He said although there was no direct evidence of a conversation between Jackway and Les McLean, which he alleged was later passed on to Cowan, the jury could draw a “rational, logical inference’’ from the evidence.
“Do you think it is all just some bizarre set of coincidences that the man with the blue car, Jackway, disappeared for hours on the day of the abduction?’’ Mr Edwards said.
“A man with a terrible criminal history for doing something very similar?
“[You know] that McLean knew him in prison, and you know they were in the same prison together … that McLean was with him when he took heroin after Jackway was released from prison, that McLean repeatedly tried to telephone Cowan on the day of his arrest, that Mr Cowan asked but was denied an opportunity to speak to Mr McLean.’’
He said the evidence “overwhelming showed’’ Jackway was involved in the abduction of Daniel Morcombe.
“Everyone saw the blue sedan, Jackway’s desperate and inconsistent lies and attempts to provide him with a false alibi in the hours after the abduction of Daniel Morcombe,’’ he said.
He said a man like Jackway driving past Daniel Morcombe as he waited beneath the Kiel Mountain Rd overpass “would have been like a snake going past a wounded mouse’’.
Mr Edwards told the jury a blue car may have “stalked’’ Daniel as he waited for the bus.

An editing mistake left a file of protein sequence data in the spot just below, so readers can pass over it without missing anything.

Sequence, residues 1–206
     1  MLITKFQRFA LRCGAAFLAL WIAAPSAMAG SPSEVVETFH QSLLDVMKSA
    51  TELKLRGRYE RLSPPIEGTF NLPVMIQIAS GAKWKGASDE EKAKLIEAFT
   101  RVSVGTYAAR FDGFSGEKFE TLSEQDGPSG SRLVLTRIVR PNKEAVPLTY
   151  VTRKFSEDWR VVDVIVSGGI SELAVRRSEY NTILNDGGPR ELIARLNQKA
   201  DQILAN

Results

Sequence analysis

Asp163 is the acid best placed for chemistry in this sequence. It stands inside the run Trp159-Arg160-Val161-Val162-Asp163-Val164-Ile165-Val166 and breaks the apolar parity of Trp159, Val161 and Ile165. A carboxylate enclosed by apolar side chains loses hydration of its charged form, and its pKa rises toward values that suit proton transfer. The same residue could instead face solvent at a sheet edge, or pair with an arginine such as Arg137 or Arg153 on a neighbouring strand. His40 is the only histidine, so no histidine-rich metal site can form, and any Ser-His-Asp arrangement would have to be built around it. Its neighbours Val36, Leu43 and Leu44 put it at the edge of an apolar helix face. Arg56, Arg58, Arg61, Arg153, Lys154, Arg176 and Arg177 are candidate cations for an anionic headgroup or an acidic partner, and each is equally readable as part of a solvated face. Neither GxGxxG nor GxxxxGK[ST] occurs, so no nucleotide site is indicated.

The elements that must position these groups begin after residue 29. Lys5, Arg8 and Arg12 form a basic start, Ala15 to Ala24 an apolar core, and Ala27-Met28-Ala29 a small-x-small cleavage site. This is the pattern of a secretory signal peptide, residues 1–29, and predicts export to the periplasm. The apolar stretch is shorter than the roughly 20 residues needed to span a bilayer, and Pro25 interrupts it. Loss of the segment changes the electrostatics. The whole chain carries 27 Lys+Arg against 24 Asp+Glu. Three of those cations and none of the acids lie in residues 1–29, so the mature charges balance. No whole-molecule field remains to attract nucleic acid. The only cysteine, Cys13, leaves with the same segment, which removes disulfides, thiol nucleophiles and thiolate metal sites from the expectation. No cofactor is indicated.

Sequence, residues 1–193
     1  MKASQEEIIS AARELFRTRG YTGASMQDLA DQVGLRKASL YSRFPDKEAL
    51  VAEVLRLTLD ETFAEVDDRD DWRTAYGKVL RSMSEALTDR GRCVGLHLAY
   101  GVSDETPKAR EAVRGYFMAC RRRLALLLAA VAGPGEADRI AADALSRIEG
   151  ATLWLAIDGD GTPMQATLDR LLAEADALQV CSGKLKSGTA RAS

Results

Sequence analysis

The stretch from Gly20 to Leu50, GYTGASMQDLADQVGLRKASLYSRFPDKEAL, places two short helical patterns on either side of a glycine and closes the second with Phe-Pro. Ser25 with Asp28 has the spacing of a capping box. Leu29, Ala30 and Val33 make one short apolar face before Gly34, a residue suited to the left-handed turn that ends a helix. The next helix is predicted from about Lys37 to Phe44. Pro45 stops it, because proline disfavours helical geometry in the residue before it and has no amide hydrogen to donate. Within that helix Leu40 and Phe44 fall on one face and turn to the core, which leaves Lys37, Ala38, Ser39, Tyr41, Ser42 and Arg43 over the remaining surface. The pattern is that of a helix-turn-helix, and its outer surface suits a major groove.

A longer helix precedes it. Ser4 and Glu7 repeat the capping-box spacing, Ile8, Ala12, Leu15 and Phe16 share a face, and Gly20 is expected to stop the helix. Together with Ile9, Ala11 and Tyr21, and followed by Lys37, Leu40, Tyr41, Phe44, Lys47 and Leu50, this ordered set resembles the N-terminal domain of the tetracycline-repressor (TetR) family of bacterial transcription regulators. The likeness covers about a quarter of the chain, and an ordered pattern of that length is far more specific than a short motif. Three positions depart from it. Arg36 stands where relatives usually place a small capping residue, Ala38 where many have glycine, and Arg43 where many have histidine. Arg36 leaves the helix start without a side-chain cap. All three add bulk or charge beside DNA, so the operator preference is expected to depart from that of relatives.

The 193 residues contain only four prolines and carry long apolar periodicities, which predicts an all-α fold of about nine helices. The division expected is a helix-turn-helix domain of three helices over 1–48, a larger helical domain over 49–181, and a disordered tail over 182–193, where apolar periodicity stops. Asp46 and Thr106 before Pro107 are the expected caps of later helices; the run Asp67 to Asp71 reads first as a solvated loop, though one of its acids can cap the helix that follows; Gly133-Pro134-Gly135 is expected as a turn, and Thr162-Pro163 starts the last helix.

He took the jury to the evidence of witnesses who saw a blue car parked on either side of Nambour Connection Rd on December 7, 2003.
He said the evidence from Jessiah Cox of a white 4WD pulled up on the side of the road, not far from overpass, was “spurious’’.
“It’s not the smoking gun the Crown want it to be,’’ Mr Edwards said.
He said the same could not be said for the blue sedan.
Mr Edwards took the jury to the evidence of witnesses who were on the Sunbus when it drove past Daniel.
“In the moment when that went past, there were no vehicles,’’ he said.
He said the passengers on the bus gave differing and varied descriptions of the man they saw standing near to the boy.
“Their descriptions and the persons they saw are so varying you might think that maybe they saw more than one person,’’ he said.
Mr Edwards drew the jury’s attention to the different descriptions of the man they saw standing there.